Oral Medicine

Oral medicine is that area of dentistry that addresses conditions that have medical characteristics affecting their management, including diseases of the oral mucosa, orofacial pain conditions, salivary gland disorders and taste disorders. It also addresses the dental management of people with medical problems that require special consideration, including people with complicated medical histories, the elderly, and patients who have or have had head and neck cancer.

The special knowledge and experience that many of these situations require is not always readily or consistently available within the existing community practices of many general dentists and dental specialists. Oral medicine is typically practiced as a specialty or sub-specialty, but because it is not officially recognized as a specialty, many people are unaware that it exists, and as a result may have difficulty in obtaining such care.”

American Academy of Oral Medicine’s President

Dr. Diamond and Dr. Schlesinger are specially trained to recognize oral pathology.Our specialists, Dr. Diamond and Dr. Schlesinger, are specially trained to recognize oral pathology, biopsy suspicious lesions, and provide an appropriate referral to a specialist in Oral Medicine for further care.



Oral Cancer

“More than 34,000 Americans will be diagnosed with oral or pharyngeal cancer this year. It will cause over 8,000 deaths, killing roughly 1 person per hour, 24 hours per day. Of those 34,000 newly diagnosed individuals, only half will be alive in 5 years. This is a number which has not significantly improved in decades. The death rate for oral cancer is higher than that of cancers which we hear about routinely such as cervical cancer, Hodgkin’s lymphoma, laryngeal cancer, cancer of the testes, endocrine system cancers such as thyroid, or skin cancer (malignant melanoma).”

The Oral Cancer Foundation.org

We routinely screen our patients for cancer and other diseases of the mouth. Biopsies and other tests are usually required to diagnose oral cancer and other intra-oral pathoses.

Learn more about oral cancer, its diagnosis and treatment >>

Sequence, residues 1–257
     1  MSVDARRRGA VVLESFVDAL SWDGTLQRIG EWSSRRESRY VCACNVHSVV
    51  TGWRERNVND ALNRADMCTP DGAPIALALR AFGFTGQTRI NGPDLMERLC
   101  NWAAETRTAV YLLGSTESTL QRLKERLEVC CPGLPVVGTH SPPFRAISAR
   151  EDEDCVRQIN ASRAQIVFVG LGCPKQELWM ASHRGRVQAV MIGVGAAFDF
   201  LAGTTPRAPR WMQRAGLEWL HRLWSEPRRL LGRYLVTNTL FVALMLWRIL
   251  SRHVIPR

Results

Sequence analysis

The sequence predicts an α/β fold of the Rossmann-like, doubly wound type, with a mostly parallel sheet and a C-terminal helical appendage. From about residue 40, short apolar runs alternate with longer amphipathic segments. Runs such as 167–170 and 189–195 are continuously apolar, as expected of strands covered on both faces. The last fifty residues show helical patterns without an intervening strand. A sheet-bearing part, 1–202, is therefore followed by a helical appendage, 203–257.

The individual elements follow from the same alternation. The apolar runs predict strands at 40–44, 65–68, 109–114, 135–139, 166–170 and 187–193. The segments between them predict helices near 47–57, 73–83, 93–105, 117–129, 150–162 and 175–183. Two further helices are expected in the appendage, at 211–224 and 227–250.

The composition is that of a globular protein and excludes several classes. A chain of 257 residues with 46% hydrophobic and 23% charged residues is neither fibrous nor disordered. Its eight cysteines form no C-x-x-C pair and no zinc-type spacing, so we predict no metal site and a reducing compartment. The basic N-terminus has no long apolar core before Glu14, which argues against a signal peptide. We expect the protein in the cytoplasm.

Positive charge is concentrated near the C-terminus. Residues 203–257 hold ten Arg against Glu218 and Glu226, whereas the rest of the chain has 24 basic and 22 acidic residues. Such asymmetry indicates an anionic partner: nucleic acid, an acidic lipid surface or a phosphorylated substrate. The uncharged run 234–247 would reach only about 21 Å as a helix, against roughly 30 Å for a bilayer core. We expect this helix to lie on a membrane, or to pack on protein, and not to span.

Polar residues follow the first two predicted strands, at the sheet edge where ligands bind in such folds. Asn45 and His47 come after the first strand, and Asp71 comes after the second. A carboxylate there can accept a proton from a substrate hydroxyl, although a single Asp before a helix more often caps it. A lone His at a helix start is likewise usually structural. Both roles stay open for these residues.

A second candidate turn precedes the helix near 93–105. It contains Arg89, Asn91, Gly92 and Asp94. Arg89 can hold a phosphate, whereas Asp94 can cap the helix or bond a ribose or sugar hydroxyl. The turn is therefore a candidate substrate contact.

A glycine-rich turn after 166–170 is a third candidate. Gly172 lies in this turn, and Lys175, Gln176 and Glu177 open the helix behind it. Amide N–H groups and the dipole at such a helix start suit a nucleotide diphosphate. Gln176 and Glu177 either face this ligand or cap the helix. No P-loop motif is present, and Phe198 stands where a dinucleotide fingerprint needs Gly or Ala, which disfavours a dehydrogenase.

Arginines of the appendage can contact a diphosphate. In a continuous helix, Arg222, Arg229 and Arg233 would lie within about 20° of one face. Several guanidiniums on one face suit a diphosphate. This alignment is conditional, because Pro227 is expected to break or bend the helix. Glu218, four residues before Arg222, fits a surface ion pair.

Canker Sores

Suffer No More

Canker sores, known as aphthous ulcers, are very painful. They only occur inside the mouth, on the inner lips, the lining of the cheek, soft palate, or the tongue. Canker sores are round and white, with a red halo.

Their exact cause is unknown but we know certain things trigger canker sores – stress, particular foods (i.e. chocolate, citrus fruits, tomatoes), trauma from brushing or lip-biting, and possibly sharp foods (i.e. potato chips).

They can be extremely painful and can interfere with normal eating, drinking, talking and swallowing. Most people get a canker sore once or twice a year, while others suffer from them chronically during their entire life.

It is estimated that nearly 20% of the American population suffers from chronic recurring canker sores. Women are twice as likely as men to suffer from this problem, probably because of the influence of female hormones.

Left untreated, a canker sore will heal naturally in about 2 weeks, but often become larger or worsen during this time. Typical treatments involving topical analgesics or anti-microbial ointments are minimally effective.

Today, dental lasers represent a huge breakthrough in the treatment of canker sores. If you suffer from chronic canker sores, or have an unbearably painful one, we can remove it using our Waterlase MD Turbo advanced laser system.

The Waterlase YSGG laser treatment provides instant pain relief with no anesthetic, and the sore usually heals completely within 24 hours.

Cold Sores

Laser Treatment for Herpes Type I and II

Cold sores, also known as fever blisters are caused by the Herpes Simplex Type 1 or 2 virus and tend to recur in the same location. Most children contract a Herpes Simplex Type 1 infection prior to age 5, but the infection usually goes unnoticed because the child does not manifest any symptoms.

After infection, the virus becomes dormant and lives in your nerves for your entire life. When the virus becomes activated, a tingling or burning sensation occurs 1 or 2 days before the formation of small blisters. The sores then break, ooze a clear fluid, and form a scab. The healing process takes 1 to 2 weeks.

The main difference between cold sores and canker sores is that the viral sores (cold sores) are contagious from the time the blisters form until the scab covers the area completely. Touching your eye after contact with an active blister is particularly dangerous because it could result in permanent eye damage.

Prescription medications and creams are available to prevent and treat viral blisters and are usually effective.

Our Waterlase YSGG laser painlessly treats cold sores by inactivating and killing the viruses before they have a chance to infect another area or person.


The Waterlase YSGG advanced laser system represents such a significant breakthrough in the practice of periodontics, esthetic and implant dentistry, that we have devoted an entire website to this cutting edge method of treatment.

Diagnostic Service

Oral Pathology Examination
We send our biopsies to the Oral Pathology Laboratory at the NY Hospital in Queens, the largest oral biopsy service in the United States.

TMJ, Orofacial Pain and Neuropathy


Temperomandibular Disorder (TMD), commonly referred to as “TMJ”, can present a multitude of symptoms. If you experience frequent headaches, neck aches, upper back pain, soreness in the jaw joints, or periodic tooth pain and sensitivity, you should be evaluated for TMD.

Treatment may be as simple as wearing a custom fabricated nightguard designed to change the way your teeth contact each other.

Orofacial Pain | Neuropathy

In rare cases, oral and facial pain can be attributed to neurological disease. The expertise of a pain specialist may be required to properly diagnose and treat these conditions.